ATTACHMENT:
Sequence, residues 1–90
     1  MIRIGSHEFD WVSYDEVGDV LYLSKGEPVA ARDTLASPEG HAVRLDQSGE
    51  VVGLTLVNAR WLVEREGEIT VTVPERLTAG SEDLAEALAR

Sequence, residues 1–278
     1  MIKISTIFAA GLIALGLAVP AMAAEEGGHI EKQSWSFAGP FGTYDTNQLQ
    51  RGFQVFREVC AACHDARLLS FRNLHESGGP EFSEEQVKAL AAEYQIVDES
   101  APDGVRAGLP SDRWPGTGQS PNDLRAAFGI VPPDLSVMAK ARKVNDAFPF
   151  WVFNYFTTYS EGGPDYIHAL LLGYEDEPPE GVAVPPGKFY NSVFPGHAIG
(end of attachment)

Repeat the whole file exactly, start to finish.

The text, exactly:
Sequence, residues 1–90
     1  MIRIGSHEFD WVSYDEVGDV LYLSKGEPVA ARDTLASPEG HAVRLDQSGE
    51  VVGLTLVNAR WLVEREGEIT VTVPERLTAG SEDLAEALAR

Sequence, residues 1–278
     1  MIKISTIFAA GLIALGLAVP AMAAEEGGHI EKQSWSFAGP FGTYDTNQLQ
    51  RGFQVFREVC AACHDARLLS FRNLHESGGP EFSEEQVKAL AAEYQIVDES
   101  APDGVRAGLP SDRWPGTGQS PNDLRAAFGI VPPDLSVMAK ARKVNDAFPF
   151  WVFNYFTTYS EGGPDYIHAL LLGYEDEPPE GVAVPPGKFY NSVFPGHAIG